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Sermon 24/12/20 – Christmas Eve

Christmas Eve

Some time ago I came across the following prayer.

“Now may God, who brightened the night skies over Bethlehem, and filled shepherd’s hearts with mysteries, and transformed a stable into a thing of immortal beauty, brighten our skies, fill our hearts with mystery and transform our lives forever. Amen”

This evening we again recited the ancient story of the coming of the Christ child. St. Luke tells us of a child being placed in a stable manger, of common laborers watching their sheep and being mystified by something that showed bright around them and another gospel writer reminds us of a bright star observed over Bethlehem. That night, so long ago, was filled with mystery and populated with persons who would be transformed forever. A carpenter who may have never understood what was

going on in Mary, his wife’s pre-natal journey; a mother whose agony in child-birth was simply a foreshadowing of an even greater agony some thirty years later. Shepherds, who for a very few brief moments had reached the mountain-top experience of their lives and a child, protected from the cold by clothing scraps that his mother wrapped around him, engaged a world and a population that would both honor and praise him as “Wonderful Counselor, Prince of Peace, Lord and Savior” and scream at him and utter those haunting words, “Crucify him, crucify him.”  They were all there; mystery surrounded them.

Christmas candle and Wreath St Thomas Episcopal Church NC

We come here this evening to remember and relive that event and like that first evening so long ago, this evening we too are surrounded by mystery. How will God, through the gift of God’s son to us this night, move and transform our lives? Will our skies be brightened? Will we, through the awesome visit of the Christ child, see life more clearly? Will we see more clearly that our loved ones are special, gracious gifts to us that need to be fondled and embraced with warmth and affection? Will we see more clearly that no matter how high a mountain we ascend or how low a valley we fall into, the Christ child is there, savoring  our accomplishments, caressing and sustaining us when we fall. Will we see more clearly that every person, every person we encounter is a cherished beloved child of God. May all our skies be brightened.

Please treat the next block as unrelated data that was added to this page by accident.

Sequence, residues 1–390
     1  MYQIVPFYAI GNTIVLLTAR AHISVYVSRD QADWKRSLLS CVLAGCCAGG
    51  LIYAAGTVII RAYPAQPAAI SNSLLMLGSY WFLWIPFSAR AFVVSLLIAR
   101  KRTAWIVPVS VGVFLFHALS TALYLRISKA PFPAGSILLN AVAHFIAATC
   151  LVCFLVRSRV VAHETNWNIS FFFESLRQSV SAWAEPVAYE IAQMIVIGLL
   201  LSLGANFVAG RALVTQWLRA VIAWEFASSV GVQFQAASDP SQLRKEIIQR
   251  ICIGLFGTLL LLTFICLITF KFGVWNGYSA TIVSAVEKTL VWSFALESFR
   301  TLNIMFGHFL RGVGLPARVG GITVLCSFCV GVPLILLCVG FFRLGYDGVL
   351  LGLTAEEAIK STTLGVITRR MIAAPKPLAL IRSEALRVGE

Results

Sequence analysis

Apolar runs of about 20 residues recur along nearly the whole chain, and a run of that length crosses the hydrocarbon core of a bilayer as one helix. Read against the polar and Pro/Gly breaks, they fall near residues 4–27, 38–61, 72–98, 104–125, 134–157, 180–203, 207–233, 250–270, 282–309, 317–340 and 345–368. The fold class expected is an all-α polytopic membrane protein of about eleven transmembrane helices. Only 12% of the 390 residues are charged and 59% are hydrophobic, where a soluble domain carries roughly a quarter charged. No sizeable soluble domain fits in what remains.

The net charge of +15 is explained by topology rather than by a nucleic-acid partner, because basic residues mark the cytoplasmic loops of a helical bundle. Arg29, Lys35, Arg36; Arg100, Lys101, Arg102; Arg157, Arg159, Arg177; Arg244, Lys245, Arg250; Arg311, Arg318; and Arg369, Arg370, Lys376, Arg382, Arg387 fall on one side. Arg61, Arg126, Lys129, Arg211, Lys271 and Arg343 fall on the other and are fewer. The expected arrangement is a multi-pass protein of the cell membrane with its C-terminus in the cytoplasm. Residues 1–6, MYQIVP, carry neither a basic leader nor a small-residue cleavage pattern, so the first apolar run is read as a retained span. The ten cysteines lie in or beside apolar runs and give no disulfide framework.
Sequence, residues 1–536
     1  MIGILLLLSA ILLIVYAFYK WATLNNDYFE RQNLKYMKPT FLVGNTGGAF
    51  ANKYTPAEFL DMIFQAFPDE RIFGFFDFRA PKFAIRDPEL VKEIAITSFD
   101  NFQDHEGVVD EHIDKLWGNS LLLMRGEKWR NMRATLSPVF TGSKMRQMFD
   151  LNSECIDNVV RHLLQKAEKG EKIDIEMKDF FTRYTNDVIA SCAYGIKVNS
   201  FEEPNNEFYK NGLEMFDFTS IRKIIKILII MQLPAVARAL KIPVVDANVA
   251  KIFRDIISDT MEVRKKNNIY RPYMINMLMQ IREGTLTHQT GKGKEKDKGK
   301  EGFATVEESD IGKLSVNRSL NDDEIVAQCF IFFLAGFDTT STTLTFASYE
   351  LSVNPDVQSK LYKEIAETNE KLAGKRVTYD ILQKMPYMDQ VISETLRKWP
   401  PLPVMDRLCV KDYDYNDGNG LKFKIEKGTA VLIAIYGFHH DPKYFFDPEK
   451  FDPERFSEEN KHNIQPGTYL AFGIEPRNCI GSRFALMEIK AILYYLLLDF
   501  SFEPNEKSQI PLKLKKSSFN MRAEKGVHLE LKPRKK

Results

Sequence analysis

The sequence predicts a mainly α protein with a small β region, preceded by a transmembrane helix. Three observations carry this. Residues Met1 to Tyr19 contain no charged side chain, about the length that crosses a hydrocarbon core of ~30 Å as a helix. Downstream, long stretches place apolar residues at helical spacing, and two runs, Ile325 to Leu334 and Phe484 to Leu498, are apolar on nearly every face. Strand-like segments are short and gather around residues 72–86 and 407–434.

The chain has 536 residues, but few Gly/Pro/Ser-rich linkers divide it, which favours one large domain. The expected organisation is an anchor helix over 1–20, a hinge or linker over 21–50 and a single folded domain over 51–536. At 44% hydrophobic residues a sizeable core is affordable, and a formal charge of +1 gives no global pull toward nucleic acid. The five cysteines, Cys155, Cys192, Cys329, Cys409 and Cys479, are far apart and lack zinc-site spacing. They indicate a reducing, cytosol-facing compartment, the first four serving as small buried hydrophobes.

May our hearts be filled with mystery. The Baptismal service in our Prayer Book provides an appropriate definition of mystery in this context in which we beseech God to give the newly baptized “the gift of joy and wonder in all God’s works.”  We, Christ followers, are called to be immersed in life, enchanted by the natural beauty and cycle of creation, awed by the creative beauty of artisans, and musicians and vocalists, as we were earlier this evening during the prelude music, enthralled by first words and first steps of children dear to us; amused by humorous moments and grieved by moments of  sadness and destruction. The incarnation of Jesus, the coming of the Son of god into this existence, is the model of fulfilling life; to live fully one must engage life completely; savoring it, fondling it. And one final aspect of being filled with mystery is the glorious freedom to say, whether we are talking about life or personal relationships or our relationship with god. That there are many things I seemingly cannot know nor understand and accept that as part of the joy and wonder in all God’s works.

The final words from the prayer I recited earlier are “transform our lives forever.”  I firmly believe that with the coming of the Christ child our lives have already been transformed forever. At that first visit in Bethlehem, Joseph’s life was changed, Mary’s was changed, the shepherd’s lives were changed forever because they came face to face with the Divine. It is the same with us but in fact our encounter with the divine is not a one-time stable event. Every moment of our lives is an incarnational event because every moment we stand in the presence of Jesus. It is a transforming event; it is the opportunity to change, to allow God to brighten our skies and to fill us with mystery. We have a God who loves us dearly and intimately; who yearns to savor our joys and salve our sorrows; who delights in our moments of accomplishment  and grieves in our days of depression. I am convinced that the most significant aspect of the coming of the Christ child is God’s eternal statement to us that we are God’s beloved and that statement of love informs us that nothing, absolutely nothing shall separate us from that love.


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